Modulating the amplitude and phase of light is considered to be a vital ingredient for a number of applications that include transformation optics, wavefront shaping, phased arrays, sensors and modulators. Executing this task with small footprint and high efficiency is a significant challenge for the development of optoelectronic devices.
A phase modulator based on graphene capable of tuning the light phase between 0 and 2 π in situ has been developed by ICFO Researchers Dr. Achim Woessner and Dr. Mark Lundeberg, headed by ICREA Prof. at ICFO Frank Koppens, in association with Prof. Rainer Hillenbrand from CIC Nanogune, Iacopo Torre and Prof. Marco Polini from IIT and Dr. Yuanda Gao and Prof. James Hone from Columbia University. A paper on this development has been recently published in Nature Photonics.
The Researchers were able to achieve this by exploiting the unique wavelength tunability of graphene plasmons, which refer to light coupled to electrons in graphene. They used ultra-high quality graphene in their experiment and built a completely functional phase modulator with a device footprint of just 350 nm, which is considered to be 30 times smaller than the wavelength of the infrared light used for this experiment. The team used a near-field microscope to excite and image the plasmons, permitting an exceptional insight into the plasmon properties such as their phase and wavelength.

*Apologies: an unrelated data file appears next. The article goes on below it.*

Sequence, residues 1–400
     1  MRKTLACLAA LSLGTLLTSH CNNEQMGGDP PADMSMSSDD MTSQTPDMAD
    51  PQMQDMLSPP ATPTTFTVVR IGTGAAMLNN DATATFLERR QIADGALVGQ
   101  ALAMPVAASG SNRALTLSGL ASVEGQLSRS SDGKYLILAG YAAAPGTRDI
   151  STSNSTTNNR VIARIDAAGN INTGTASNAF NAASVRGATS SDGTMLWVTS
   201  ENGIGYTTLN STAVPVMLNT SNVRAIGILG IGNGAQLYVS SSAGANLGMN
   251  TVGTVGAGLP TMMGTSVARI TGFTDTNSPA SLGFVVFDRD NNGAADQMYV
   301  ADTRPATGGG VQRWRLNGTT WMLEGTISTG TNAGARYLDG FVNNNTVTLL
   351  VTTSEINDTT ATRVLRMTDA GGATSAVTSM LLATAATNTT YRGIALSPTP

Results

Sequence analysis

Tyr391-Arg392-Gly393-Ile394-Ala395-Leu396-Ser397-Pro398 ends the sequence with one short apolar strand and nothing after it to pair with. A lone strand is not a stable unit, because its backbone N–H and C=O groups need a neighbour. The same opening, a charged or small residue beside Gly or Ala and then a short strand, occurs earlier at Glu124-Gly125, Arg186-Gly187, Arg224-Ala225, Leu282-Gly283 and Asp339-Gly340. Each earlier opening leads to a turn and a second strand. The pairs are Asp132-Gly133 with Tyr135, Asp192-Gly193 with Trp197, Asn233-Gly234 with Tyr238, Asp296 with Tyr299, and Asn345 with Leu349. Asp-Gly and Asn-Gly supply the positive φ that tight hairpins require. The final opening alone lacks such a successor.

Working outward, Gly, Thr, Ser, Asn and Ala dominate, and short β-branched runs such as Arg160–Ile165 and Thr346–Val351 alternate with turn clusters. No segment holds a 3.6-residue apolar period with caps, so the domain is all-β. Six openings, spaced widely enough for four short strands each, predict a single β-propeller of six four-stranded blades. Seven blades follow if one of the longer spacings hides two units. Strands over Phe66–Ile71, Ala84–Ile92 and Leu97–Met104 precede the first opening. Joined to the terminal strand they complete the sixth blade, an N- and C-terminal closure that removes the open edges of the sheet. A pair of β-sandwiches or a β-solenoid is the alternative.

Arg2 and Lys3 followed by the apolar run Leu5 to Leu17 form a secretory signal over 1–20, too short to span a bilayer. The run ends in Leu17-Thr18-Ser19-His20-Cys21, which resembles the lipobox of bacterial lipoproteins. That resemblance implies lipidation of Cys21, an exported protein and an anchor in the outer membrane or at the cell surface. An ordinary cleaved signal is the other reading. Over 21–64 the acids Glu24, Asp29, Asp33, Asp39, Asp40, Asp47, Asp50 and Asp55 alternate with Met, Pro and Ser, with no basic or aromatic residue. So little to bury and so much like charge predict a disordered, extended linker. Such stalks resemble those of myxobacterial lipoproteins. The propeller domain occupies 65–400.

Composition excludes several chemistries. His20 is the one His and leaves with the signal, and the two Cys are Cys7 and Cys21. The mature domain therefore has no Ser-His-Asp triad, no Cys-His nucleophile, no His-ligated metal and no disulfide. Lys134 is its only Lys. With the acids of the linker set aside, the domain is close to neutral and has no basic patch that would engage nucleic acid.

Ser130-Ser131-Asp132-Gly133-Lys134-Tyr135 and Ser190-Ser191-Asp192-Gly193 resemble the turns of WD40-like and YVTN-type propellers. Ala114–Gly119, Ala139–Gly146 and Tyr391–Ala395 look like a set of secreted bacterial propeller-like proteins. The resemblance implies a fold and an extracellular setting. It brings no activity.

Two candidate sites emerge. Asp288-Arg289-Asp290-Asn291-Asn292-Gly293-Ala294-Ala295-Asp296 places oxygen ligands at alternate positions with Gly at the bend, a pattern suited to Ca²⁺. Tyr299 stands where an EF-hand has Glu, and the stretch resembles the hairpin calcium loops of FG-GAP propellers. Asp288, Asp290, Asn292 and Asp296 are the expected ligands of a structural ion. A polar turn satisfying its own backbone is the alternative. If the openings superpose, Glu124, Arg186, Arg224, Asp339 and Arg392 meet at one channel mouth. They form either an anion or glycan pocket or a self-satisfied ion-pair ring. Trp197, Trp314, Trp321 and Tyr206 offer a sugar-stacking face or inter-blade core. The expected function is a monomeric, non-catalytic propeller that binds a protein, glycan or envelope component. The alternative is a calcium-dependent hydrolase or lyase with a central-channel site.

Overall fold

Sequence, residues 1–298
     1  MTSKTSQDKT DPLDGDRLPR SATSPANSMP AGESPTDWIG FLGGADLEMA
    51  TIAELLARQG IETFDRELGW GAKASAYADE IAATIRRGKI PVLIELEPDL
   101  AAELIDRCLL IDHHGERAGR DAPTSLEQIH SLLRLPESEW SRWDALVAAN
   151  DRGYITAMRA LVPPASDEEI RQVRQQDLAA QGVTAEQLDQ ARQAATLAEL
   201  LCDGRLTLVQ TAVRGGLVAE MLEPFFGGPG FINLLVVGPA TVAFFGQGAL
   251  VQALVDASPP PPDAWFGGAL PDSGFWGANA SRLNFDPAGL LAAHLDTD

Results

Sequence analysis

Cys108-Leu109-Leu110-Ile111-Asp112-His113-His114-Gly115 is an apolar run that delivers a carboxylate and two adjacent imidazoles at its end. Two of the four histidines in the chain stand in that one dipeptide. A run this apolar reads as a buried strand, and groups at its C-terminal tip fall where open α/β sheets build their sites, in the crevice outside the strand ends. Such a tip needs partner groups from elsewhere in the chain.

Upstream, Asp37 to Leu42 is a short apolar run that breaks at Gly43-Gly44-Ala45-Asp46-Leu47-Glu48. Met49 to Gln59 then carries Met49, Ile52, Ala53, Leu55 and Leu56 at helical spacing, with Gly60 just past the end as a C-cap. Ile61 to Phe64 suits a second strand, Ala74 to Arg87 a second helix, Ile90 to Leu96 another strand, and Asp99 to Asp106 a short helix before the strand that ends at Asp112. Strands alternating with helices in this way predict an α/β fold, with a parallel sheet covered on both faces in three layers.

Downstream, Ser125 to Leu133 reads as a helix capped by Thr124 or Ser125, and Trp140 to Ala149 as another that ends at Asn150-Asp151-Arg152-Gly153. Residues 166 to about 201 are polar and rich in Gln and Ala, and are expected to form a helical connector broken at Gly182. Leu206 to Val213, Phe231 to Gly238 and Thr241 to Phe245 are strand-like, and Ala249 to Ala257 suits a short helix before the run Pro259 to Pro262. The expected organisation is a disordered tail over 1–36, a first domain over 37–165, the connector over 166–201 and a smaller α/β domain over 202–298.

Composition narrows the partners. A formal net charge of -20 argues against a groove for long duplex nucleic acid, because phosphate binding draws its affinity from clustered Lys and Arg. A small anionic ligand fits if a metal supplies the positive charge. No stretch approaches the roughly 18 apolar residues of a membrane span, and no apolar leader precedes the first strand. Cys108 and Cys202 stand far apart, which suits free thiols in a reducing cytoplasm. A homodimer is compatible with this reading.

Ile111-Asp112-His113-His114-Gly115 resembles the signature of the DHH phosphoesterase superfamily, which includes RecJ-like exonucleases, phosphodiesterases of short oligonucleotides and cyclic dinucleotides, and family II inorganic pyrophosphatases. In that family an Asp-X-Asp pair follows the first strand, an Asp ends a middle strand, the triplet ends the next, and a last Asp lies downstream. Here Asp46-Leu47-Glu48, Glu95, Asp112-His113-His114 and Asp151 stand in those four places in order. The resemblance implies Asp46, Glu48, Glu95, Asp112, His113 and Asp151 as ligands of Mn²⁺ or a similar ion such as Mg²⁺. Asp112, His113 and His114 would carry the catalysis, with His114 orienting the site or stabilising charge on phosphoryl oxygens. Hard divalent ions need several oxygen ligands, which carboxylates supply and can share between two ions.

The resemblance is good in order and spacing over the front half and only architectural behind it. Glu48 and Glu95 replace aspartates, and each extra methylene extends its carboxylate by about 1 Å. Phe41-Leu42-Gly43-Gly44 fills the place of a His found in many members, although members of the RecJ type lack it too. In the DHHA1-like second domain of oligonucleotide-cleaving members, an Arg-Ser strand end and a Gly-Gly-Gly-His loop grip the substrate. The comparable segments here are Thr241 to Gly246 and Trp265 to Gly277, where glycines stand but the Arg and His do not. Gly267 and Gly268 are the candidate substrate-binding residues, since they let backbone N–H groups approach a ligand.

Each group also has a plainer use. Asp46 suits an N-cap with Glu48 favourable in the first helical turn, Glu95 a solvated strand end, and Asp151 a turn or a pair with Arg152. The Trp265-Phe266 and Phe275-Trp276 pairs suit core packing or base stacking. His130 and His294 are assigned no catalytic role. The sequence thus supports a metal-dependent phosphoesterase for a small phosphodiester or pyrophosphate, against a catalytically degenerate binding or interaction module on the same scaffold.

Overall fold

With this new kind of phase modulator, it is possible to use graphene plasmons for ultra-compact light modulators and phase arrays and also control, steer and focus light in situ. This indeed has promising applications for on-chip biosensing and two-dimensional transformation optics.
The European Research Council, the European Graphene Flagship, the Government of Catalonia, Fundació Cellex and the Severo Ochoa Excellence program of the Government of Spain partially supported this research.